Sign up for our Free monthly newsletter \\ articles \ Top Ten Toxic Cosmetic Ingredients
skin health
Sodium Lauryl Sulfate (SLS) Imidazolidinyl Urea & DMDM Hydantoin Propylene Glycol (PG)
Mineral Oil Triclosan Isopropyl Alcohol
Synthetic Fragrances DEA, TEA, & MEA
Phthalates FD&C Color Pigments

Whats in Your Cosmetics?

As a consumer, you must be on the look out for chemicals and toxic ingredients that may be injurious to your skin and your body. You would not even consider eating products that contained chemicals or cancer causing agents, so don’t let these toxins cross the threshold and enter your system through your beauty product either!

Insignificant amounts of research are available to provide evidence of the safety or health risks of low-dose repeated exposures to chemical combinations like those in personal care products, but let’s get one thing straight—the absence of data should never, never be mistaken for confirmation of safety.

The more we investigate low dose contact with these products, the more we comprehend that they can cause adverse effects ranging from the subtle and reversible, to effects that are more critical and permanent. On the whole, our research of product safety reveals a cause for concern.

Interestingly enough, 450 ingredients that are used in this country are banned for use in cosmetics in the European Union by the industry. The dictatorial vacuum in the United States gives cosmetic companies enormous leeway in selecting ingredients, while it shifts potentially considerable and unnecessary health risks to the users of the products.

Cosmetics and personal care products are promoted based on the quality and ingredients of their formulas. Numerous products allege to be filled with expensive vitamins, oils, and perfumes. Others profess to use an all-natural formula. How can you be certain that the products you purchase contain the ingredients they claim to have or that they are safe? Read the label? Guess again! Unless you happen to be a scientist or a chemist, the ingredient list on the majority of cosmetic and personal care products will look like a laundry list of monotonous, tongue twisting names that make no sense at all. If you want to educate yourself, there are several books that will really bring you up to speed on what is in your personal care products. One would be, Dangerous Beauty, by Mark Fearer; and the other is called, Drop Dead Gorgeous, by Kim Erickson. Additionally, there are many groups that are pushing for safe products such as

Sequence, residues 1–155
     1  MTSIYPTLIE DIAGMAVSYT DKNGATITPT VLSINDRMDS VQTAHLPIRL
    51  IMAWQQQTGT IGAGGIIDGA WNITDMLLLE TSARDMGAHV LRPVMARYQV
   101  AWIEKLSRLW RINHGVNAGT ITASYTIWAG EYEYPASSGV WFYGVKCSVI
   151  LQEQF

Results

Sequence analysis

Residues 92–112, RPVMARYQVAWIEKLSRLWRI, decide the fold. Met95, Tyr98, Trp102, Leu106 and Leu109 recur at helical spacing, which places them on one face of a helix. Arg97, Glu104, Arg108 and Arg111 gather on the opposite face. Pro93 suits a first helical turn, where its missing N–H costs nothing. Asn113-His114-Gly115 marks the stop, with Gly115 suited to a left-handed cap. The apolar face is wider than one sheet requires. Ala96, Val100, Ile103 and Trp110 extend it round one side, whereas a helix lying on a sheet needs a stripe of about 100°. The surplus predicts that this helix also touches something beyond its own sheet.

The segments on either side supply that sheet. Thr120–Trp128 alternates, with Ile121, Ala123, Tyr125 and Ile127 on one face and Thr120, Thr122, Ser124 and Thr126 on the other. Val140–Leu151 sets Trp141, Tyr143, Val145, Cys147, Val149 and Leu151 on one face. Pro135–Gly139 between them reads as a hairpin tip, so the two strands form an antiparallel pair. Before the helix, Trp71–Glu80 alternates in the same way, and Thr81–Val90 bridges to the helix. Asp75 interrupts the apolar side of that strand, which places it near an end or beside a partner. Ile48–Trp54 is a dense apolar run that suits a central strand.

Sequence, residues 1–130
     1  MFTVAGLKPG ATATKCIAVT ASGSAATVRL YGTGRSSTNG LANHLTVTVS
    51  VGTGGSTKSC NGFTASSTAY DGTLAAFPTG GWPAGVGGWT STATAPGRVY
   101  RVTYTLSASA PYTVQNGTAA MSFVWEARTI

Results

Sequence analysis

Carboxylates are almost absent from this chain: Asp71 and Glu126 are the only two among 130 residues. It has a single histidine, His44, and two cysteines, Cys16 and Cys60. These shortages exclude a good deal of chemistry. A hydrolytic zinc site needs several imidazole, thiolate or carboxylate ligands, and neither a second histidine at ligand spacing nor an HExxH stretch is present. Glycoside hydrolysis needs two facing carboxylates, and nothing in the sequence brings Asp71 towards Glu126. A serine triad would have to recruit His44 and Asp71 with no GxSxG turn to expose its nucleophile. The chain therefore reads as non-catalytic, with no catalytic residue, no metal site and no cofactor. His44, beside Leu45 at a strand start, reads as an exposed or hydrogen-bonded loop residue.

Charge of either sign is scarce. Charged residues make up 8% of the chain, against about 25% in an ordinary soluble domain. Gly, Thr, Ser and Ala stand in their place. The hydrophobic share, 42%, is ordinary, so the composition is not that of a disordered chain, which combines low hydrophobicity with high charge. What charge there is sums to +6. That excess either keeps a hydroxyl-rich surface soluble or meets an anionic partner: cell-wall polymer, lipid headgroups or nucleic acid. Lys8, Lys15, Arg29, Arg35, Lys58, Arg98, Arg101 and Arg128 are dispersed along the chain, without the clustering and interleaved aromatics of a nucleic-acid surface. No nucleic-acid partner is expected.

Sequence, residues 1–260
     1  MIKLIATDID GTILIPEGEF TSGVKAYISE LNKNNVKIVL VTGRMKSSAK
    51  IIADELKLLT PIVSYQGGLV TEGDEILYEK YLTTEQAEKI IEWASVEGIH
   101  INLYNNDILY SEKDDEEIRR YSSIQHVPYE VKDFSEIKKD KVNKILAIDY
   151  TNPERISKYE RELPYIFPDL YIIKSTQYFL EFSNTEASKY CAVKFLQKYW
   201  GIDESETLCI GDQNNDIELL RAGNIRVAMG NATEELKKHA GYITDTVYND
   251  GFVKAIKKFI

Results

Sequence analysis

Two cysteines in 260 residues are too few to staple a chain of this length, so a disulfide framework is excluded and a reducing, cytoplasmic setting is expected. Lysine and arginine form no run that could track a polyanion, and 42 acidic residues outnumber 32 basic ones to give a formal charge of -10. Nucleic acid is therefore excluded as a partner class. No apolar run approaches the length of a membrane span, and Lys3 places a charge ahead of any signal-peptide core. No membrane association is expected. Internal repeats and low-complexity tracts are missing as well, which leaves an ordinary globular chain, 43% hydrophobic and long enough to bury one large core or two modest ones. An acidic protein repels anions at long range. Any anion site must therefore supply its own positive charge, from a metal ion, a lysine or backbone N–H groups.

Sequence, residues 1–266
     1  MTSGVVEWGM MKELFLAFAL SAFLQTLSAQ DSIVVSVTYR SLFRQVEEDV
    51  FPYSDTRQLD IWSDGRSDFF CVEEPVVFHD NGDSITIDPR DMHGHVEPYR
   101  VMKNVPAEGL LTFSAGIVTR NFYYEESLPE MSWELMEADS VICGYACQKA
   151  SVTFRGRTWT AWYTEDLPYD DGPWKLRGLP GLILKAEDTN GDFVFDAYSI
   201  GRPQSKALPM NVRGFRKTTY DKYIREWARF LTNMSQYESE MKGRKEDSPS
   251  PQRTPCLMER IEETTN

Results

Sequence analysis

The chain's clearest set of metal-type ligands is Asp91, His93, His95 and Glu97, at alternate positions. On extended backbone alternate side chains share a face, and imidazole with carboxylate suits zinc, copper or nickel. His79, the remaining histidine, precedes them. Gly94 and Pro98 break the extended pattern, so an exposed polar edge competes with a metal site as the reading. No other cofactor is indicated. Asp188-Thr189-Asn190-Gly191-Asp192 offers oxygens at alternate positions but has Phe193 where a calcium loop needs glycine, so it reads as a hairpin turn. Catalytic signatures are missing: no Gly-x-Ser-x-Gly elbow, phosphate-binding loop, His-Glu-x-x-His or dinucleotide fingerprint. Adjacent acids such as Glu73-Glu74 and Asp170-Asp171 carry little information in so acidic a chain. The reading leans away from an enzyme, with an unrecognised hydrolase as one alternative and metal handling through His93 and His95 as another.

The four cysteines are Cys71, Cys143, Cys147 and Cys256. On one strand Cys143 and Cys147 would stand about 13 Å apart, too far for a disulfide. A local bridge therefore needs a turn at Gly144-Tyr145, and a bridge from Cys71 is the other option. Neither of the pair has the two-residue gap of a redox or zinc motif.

Why should you have reservations about the safety of ingredients in body care products that you spread over your body and hair? There are many reasons, yet here is the most compelling one:

Hongran Fan and her coworkers at the Veteran Affairs Palo Alto (Calif.) Health Care System and Stanford University School of Medicine planned to demonstrate the effectiveness of intramuscular gene injections by comparing them with simply dripping a DNA vaccine solution onto the skin of mice. Well, they discovered that it was possible to distribute the vaccine through the hair follicles on unbroken skin.

So, if you can absorb an effectual prescribed amount of a vaccine simply by having it come in contact with your skin, how much of the toxic ingredients that are in your personal care products are you absorbing through your skin? Think about it—you are literally bombarding your tissues, your organs and your brain with man-made chemicals and their processing residues!

Link to study

Always question and investigate chemical ingredients that you cannot pronounce. Shun phony “organic” and “natural” body care products that are filled with, “derived from” synthetic chemicals. Support the companies that actually create non-chemical, true organic products that are considered safe and don’t need to be tested on animals (for obvious reasons). You really can make a difference for you, the environment and your loved ones.

Here are what we believe to be the top ten offenders in cosmetic products:

Sodium Lauryl Sulfate (SLS)/Sodium Laureth Sulfate (SLES)